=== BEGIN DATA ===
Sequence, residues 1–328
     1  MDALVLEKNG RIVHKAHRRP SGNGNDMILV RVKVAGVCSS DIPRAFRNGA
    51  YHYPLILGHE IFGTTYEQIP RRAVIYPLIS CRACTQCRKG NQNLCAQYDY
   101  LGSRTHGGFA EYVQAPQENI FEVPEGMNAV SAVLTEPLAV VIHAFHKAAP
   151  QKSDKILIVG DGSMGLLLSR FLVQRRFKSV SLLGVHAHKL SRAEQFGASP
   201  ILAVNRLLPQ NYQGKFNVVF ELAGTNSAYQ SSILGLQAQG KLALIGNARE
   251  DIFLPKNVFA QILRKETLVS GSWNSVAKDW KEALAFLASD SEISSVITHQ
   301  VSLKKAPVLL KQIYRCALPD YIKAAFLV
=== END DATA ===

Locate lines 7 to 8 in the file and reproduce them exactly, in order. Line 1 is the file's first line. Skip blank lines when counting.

   251  DIFLPKNVFA QILRKETLVS GSWNSVAKDW KEALAFLASD SEISSVITHQ
   301  VSLKKAPVLL KQIYRCALPD YIKAAFLV